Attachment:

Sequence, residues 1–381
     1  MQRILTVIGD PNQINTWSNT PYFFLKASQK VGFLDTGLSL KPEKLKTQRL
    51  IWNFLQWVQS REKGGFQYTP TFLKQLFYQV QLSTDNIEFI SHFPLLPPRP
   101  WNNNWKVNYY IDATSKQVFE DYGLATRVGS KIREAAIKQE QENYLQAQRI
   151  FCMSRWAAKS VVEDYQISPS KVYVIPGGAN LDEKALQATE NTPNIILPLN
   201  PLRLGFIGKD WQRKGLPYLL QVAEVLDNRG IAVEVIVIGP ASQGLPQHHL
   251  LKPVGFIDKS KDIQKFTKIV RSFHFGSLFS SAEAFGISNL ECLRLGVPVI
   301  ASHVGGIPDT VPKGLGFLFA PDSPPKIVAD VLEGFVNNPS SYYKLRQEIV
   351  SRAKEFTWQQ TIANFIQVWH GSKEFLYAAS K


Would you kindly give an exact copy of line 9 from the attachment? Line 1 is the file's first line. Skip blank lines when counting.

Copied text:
   351  SRAKEFTWQQ TIANFIQVWH GSKEFLYAAS K